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Working through the Crisis: Jobs and Policies in Developing Countries during the Great Recession

Edited by Arup Banerji, David Newhouse, Pierella Paci, David Robalino
Price: $29.95   *Geographic discounts available!

Available; printed on demand. Books(s) will be printed when order is received.

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Directions in Development : Directions in Development - Human Development
English; Paperback; 238 pages; 7x10
Published December 18, 2013 by World Bank
ISBN: 978-0-8213-8967-6; SKU: 18967


Working through the Crisis documents how the Great Recession affected employment outcomes in developing countries and how those countries' governments responded. The chapters comprise a unique compilation of data and analysis from different sources, including an inventory of policies implemented during the crisis, among countries in Latin America, Eastern Europe, Asia, and Africa.

The effects of the crisis depended on the size of the shock, the channels through which it was manifested, the structure of institutions in the country—especially labor institutions—and the specific policy responses undertaken. Although these factors resulted in differing outcomes among the countries studied, common patterns emerge. In terms of impacts, overall adjustments involved reductions in earnings growth rather than in employment growth, although the quality of employment was also affected. Youth were doubly affected, being more likely to experience unemployment and reduced wages. Men seemed to have been more severely affected than women. In most countries where data are available, there were no major differences between skilled and unskilled workers or between those living in urban and rural areas.

In terms of policy responses, this crisis was characterized by a high prevalence of active interventions in the labor market and the expansion of income protection systems, as well as countercyclical stimulus measures. When timed well and sufficiently large, these stimulus measures were effective in reducing adverse employment effects. Specific sectoral stimulus policies also had beneficial effects when they were well targeted. However, social protection and labor market policy responses were often ad hoc, and not in line with the types of adjustments workers experienced. As a result, these policies and programs were typically biased toward formal sector workers and did not necessarily reach those who needed them the most. In retrospect, there is a sense that developing countries were not well prepared to deal with the effects of the Great Recession, and that the further development of social protection systems is crucial to better protect workers and their families from the next crisis.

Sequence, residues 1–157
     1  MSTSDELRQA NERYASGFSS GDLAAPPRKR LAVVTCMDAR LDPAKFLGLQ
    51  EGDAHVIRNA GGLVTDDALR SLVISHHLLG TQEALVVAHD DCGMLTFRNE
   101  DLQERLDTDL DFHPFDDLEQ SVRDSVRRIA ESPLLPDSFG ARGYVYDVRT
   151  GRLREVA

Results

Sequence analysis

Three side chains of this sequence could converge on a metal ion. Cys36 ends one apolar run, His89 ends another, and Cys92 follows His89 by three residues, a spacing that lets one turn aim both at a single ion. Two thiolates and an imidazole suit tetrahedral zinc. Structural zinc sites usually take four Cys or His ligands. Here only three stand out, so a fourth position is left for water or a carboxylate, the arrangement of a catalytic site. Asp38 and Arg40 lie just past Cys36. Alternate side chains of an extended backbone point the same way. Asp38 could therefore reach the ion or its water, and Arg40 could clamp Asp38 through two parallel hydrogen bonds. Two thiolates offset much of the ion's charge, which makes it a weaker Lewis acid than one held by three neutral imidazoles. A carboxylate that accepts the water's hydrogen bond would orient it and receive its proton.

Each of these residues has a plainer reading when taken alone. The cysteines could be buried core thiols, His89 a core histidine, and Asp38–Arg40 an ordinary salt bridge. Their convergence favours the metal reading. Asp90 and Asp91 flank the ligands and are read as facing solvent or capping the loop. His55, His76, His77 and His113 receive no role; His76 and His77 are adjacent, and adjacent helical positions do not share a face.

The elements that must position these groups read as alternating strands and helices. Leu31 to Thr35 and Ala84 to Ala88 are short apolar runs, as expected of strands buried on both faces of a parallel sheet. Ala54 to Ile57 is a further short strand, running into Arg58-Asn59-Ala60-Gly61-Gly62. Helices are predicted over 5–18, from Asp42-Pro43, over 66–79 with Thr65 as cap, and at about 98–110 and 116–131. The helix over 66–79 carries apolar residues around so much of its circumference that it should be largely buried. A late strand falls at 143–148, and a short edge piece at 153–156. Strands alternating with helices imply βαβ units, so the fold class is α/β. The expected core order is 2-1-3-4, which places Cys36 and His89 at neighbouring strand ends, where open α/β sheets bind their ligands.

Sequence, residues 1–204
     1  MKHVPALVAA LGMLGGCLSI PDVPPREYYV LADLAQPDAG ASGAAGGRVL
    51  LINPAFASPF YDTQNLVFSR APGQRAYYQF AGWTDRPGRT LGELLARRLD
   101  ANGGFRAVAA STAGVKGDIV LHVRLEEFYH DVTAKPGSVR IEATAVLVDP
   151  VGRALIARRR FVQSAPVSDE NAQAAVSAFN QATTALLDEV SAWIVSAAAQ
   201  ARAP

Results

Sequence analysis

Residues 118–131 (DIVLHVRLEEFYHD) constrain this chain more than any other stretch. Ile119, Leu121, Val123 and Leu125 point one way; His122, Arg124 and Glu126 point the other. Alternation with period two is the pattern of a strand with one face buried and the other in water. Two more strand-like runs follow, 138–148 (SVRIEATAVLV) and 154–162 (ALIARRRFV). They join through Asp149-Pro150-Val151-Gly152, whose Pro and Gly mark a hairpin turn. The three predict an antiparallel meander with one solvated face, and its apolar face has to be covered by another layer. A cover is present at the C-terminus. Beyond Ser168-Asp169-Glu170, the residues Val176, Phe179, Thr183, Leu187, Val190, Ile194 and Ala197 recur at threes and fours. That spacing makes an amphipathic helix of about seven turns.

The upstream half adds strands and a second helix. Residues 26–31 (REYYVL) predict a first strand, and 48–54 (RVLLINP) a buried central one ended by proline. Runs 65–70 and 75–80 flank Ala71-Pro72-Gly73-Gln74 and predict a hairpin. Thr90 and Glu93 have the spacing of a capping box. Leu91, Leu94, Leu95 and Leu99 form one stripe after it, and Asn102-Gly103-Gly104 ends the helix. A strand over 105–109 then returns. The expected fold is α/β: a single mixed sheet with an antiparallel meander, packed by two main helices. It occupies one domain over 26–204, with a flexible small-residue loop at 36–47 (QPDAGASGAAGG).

'This book documents the impacts of the financial crisis on workers in the developing world, far from Wall Street but affected by it in an increasingly integrated global economy. Analyzing the latest data available, Working through the Crisis details for the first time how the crisis and the Great Recession that followed it drove up unemployment and drove down wages in low- and middle-income nations around the world. It carefully shows how developing countries responded through different policies to try to mitigate these negative consequences and, with a wealth of evidence, assesses what worked and what did not. This study not only documents what happened; it also will help policy makers when the next economic shock reverberates in labor markets around the world.'

—Gordon Betcherman, University of Ottawa, and coeditor, East Asian Labor Markets and the Economic Crisis: Impacts, Responses, and Lessons

'This study provides a wealth of information on changes in employment and earnings overall and for specific groups in numerous developing countries. It offers an insightful discussion of policies put into effect in various places. The volume concludes with in-depth chapters on Indonesia, China, and Mexico. The book is a valuable and timely resource on changing labor market conditions and policy responses in the developing world.'

—Gary S. Fields, Cornell University, and author of Working Hard, Working Poor





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